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Entries in Infinera (27)

Monday
Apr172017

Infinera inches closer to cognitive networking

Part 2: Infinera’s Instant Network

The second and final part as to how optical networking is becoming smarter

Infinera says it has made it easier for operators to deploy optical links to accommodate traffic growth.

The system vendor says its latest capability, known as Instant Network, also paves the way for autonomous networks that will predict traffic trends and enable capacity as required.

The latest announcement builds on Infinera’s existing Instant Bandwidth feature, introduced in 2012, that uses its photonic integrated circuit (PIC) technology.

Instant Bandwidth exploits the fact that all five 100-gigabit wavelengths of a line card hosting Infinera’s 500-gigabit PIC are lit even though an operator may only need a subset of the 100-gigabit wavelengths. Using Instant Bandwidth, extra capacity can be added to a link - until all five wavelengths are used - in a matter of hours.

The technology allows 100-gigabit wavelengths to be activated in minutes, says Geoff Bennett, director, solutions and technology at Infinera (pictured). It takes several hours due to the processing time for the operator to raise a purchasing order for the new capacity and get it signed off.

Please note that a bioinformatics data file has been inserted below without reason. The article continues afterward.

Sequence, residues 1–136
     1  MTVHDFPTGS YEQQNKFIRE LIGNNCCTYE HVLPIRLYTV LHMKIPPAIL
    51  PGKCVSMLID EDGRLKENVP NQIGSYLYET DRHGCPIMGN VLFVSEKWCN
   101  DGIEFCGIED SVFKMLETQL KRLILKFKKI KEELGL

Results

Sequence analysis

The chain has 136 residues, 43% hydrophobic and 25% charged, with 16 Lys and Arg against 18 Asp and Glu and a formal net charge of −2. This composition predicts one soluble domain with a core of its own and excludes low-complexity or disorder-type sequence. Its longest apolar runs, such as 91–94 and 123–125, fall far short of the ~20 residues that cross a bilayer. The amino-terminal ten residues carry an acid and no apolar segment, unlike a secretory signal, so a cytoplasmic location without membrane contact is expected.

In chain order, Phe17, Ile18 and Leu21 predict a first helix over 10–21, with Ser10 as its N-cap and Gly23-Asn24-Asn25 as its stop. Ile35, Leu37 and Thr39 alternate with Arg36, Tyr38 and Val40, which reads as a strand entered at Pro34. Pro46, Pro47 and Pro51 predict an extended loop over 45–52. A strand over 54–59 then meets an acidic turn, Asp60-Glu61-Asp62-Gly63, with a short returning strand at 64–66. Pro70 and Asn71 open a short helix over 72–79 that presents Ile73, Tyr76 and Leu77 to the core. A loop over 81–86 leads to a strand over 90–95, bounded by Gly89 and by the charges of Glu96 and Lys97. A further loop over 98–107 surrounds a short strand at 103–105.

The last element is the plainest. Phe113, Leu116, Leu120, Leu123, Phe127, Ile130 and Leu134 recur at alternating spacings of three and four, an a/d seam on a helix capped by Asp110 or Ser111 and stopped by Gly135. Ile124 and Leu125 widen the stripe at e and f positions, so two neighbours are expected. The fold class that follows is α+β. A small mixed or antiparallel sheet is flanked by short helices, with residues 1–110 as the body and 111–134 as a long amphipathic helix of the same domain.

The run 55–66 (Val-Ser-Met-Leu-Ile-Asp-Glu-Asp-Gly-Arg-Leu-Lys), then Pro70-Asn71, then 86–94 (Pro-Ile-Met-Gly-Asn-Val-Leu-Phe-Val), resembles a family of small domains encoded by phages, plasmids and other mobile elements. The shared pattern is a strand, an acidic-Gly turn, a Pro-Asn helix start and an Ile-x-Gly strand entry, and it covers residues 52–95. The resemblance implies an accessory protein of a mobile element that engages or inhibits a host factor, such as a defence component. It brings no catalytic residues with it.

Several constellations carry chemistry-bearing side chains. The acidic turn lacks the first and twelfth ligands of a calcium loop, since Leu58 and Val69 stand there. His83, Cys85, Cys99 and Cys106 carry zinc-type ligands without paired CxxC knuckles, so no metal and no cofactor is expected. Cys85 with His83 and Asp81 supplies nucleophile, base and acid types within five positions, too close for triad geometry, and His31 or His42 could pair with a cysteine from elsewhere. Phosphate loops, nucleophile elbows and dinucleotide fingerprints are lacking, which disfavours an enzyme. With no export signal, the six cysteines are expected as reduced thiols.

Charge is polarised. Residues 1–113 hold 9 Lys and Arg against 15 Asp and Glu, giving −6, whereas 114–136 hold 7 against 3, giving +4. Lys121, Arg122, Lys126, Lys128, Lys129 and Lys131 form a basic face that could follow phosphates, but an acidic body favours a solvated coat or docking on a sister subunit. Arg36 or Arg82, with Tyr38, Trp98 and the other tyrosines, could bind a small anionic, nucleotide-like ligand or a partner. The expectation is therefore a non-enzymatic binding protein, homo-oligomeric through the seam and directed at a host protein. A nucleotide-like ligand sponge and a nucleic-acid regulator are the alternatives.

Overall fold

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Friday
Apr072017

Real-time visibility makes optical networking smarter

Part 1: Ciena's Liquid Spectrum

Systems vendors are making optical networks smarter. Their latest equipment, combining intelligent silicon and software hooks, can measure the status of the network and enable dynamic network management.

Ciena recently announced its Liquid Spectrum networking product while Infinera has launched its Instant Network. Both vendors exploit the capabilities of their latest generation coherent DSPs to allow greater network automation and efficiency. The vendors even talk about their products being an important step towards autonomous or cognitive networks.

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Wednesday
Mar302016

Infinera goes multi-terabit with its latest photonic IC

In his new book, The Great Acceleration, Robert Colvile discusses how things we do are speeding up.

In 1845 it took U.S. President James Polk six months to send a message to California. Just 15 years later Abraham Lincoln's inaugural address could travel the same distance in under eight days, using the Pony Express. But the use of ponies for transcontinental communications was shortlived once the electrical telegraph took hold. [1]

The relentless progress in information transfer, enabled by chip advances and Moore's law, is taken largely for granted. Less noticed is the progress being made in integrated photonic chips, most notably by Infinera.    

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Sunday
Jan242016

Next-generation coherent adds sub-carriers to capabilities

Briefing: DWDM developments

Part 2: Infinera's coherent toolkit 


Source: Infinera